I wrote a post about my 10 favorite image placeholder services a while ago. Placezombies.com was one of them. Here’s the announcement blog post for Placezombies.com.

Down in the comments, you’ll see that the owners forgot to renew the domain name, so it obviously stopped working. The source was posted on GitHub, so I immediately forked it and got to work setting up a replacement.

A quick check revealed that placezombie.com was available, so I registered it. Score.

I really didn’t want to host this at DigitalOcean like I typically would, not knowing what to expect for bandwidth usage. Instead, I chose to host it at Heroku, using their free service.

Had a few issues getting it running, but after removing some Ruby stuff and creating the Procfile and package.json files that Heroku requires, I was almost good to go. Only thing holding me back was to replace the port number node.js was using with the port that Heroku uses. Did another git push heroku master, navigated to http://placezombie.com and there it was!

Here’s a 700×300 zombie below for proof!

Placezombie.com

That was generated like so:

You can do black and white images, too:
Placezombie.com

That was generated like so:

So, add some gore to your mock-ups, just make sure your clients aren’t too squeamish.
Placezombie.com

My 5 year old daughter is obsessed with Zombies and is going to fucking love this. She wants to be a Zombie Elsa (from the movie Frozen) for Halloween. :)

Find Shellshock Exploit Attempts & Probes From the Command Line and Papertrail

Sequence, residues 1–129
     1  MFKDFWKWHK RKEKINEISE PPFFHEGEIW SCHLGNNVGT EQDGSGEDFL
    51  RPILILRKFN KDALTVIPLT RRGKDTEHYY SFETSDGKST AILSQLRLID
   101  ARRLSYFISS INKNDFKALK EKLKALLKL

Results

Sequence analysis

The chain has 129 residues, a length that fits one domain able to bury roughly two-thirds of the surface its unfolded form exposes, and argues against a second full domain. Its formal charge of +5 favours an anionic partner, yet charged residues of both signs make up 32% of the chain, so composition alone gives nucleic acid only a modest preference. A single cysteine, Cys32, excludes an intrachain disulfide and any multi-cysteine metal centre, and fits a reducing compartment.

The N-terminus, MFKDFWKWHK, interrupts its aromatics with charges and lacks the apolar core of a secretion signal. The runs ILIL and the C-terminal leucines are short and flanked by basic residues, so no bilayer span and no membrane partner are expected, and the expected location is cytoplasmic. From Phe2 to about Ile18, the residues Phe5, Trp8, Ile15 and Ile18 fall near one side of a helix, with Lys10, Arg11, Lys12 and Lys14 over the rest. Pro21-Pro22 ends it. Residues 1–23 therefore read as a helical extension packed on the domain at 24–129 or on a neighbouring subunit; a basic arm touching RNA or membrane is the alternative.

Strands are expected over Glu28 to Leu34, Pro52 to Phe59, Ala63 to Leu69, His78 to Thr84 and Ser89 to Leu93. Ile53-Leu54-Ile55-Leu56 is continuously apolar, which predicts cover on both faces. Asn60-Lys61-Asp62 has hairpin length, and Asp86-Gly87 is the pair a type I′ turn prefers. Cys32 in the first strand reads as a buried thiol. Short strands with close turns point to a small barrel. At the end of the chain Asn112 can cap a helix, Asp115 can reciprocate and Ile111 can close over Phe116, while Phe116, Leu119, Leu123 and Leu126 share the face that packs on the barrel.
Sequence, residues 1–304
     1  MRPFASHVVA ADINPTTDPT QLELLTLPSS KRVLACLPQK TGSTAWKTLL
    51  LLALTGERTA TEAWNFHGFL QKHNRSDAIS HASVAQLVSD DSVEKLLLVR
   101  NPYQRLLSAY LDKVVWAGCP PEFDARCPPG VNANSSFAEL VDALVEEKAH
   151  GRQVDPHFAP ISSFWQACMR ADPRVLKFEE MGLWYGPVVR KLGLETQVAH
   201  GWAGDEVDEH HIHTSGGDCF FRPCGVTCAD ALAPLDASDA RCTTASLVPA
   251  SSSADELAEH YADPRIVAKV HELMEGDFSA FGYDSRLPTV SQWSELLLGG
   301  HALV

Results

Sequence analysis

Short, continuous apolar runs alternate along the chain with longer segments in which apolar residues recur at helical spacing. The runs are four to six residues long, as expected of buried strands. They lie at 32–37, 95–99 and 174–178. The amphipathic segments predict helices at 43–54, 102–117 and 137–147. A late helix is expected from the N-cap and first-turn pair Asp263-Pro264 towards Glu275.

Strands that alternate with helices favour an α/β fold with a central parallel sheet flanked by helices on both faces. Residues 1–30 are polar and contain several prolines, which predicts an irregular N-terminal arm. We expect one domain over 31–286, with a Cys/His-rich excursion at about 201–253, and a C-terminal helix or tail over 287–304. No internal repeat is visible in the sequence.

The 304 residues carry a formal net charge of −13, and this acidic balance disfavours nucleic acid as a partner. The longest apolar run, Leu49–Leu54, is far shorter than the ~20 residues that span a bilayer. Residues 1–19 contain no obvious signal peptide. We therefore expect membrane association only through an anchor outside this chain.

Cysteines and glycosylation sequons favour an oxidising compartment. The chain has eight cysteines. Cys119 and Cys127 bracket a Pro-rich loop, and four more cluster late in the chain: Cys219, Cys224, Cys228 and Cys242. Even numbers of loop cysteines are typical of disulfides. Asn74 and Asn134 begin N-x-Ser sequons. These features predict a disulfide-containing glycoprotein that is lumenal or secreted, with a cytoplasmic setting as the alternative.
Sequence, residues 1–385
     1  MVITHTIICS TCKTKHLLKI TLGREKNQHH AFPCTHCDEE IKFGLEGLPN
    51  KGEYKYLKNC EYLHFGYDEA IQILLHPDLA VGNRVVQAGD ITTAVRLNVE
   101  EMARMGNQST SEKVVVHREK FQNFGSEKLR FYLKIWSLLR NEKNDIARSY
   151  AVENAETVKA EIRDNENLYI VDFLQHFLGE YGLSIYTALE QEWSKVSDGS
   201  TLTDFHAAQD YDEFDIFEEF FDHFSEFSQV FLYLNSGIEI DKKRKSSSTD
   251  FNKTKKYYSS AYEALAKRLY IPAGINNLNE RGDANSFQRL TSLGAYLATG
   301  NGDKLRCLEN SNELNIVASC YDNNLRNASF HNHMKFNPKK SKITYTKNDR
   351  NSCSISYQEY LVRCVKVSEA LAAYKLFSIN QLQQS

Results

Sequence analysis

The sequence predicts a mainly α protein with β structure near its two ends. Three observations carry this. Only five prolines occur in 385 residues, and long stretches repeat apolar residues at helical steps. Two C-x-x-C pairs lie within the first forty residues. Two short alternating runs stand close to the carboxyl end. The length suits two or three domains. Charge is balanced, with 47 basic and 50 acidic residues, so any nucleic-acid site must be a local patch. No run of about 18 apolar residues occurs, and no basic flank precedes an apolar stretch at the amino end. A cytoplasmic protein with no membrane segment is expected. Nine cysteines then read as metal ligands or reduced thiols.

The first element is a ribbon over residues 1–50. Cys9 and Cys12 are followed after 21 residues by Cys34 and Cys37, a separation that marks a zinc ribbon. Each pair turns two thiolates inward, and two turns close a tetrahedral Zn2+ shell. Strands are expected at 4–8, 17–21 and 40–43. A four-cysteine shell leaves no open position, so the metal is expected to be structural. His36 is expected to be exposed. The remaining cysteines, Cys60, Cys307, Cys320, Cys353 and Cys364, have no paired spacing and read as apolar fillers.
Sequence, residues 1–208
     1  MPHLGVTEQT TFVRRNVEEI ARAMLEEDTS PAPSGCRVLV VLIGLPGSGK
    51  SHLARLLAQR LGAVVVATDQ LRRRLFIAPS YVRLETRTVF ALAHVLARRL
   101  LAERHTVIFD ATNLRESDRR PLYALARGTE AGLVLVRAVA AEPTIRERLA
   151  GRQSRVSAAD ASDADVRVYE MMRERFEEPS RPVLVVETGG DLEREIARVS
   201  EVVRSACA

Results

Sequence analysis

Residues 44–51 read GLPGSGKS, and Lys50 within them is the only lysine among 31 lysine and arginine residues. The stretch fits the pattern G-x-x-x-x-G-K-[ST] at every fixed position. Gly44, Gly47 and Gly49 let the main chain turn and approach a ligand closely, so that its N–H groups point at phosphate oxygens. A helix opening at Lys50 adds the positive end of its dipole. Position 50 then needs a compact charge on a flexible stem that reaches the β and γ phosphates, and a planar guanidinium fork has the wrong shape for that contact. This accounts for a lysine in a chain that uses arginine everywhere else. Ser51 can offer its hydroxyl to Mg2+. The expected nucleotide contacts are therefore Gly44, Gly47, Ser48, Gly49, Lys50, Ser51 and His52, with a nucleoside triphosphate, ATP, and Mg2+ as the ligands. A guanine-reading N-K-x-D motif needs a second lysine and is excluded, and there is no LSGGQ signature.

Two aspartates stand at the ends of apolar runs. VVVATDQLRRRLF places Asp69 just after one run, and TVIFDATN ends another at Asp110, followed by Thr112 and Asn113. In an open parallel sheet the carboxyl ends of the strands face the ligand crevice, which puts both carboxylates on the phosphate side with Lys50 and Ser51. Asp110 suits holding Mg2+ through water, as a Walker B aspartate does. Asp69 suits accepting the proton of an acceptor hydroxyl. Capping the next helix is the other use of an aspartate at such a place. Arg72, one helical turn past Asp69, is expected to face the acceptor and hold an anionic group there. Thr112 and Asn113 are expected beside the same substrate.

bash

Never hurts to make sure

I’ve written about Papertrail a few times before, I love the service and it’s just too valuable to not use.

Papertrail makes it super easy to find Shellshock exploit attempts and probes. Probes are just checking a machine to see if it’s vulnerable to Shellshock. If you’re using CloudFlare, you’ll never see any Shellshock attempts show up in your logs, CloudFlare doesn’t even let them through.

See If Shellshock Affects You

Checking to see if your system is vulnerable to Shellshock is quite easy. It takes a relatively simple bash command:

Run that code in a terminal. If you see All good, you’re not vulnerable. However, if you see vulnerable to shellshock, you are potentially vulnerable.

Yahoo-WinZip-Servers-Shellshock-Bug

Shellshocker.net provides a script that will download, compile, and install the newest version of bash for you. You should only use it though if your Linux distribution hasn’t already provided updated security release packages. If you’re interested, the code that runs Shellshocker.net is available on GitHub.

Find Shellshock Attemps and Probes Via The Command Line

This is very easy as long as you know the location of your Apache access log file. It’s typically something like /var/log/apache2/access.log. Assuming that’s the location of your Apache access log file, this command will pull out all the Shellshock probes and attempts:

If nothing was returned, that means nobody has been trying to exploit Shellshock on your system, or even checking to see if your system is susceptible to Shellshock. If results are returned, look them over carefully to examine where the attempts are coming from, an IP address will be associated with every attempt.

Shellshocker.net Checker

Shellshocker.net also provides a bash script to check your machines for the Shellshock vulnerability. You can download the script and run it manually from your terminal, or, if you have cURL installed, run the following command:

Running that command will produce results similar to the screenshot seen below. It checks for a number of Shellshock related vulnerabilities.
shellshocker

Find Shellshock Attemps and Probes With Papertrail

Go to your Papertrail events tab and search for the following:
"() {"

If anything is returned, those are Shellshock probes. Some example probes are listed in the gist that’s embedded below. None of the offending IP addresses have been redacted.

These actually made it through to Papertrail, which shouldn’t happen since longren.io sits behind Cloudflare. I’ll open a support ticket with them about it and update this post later.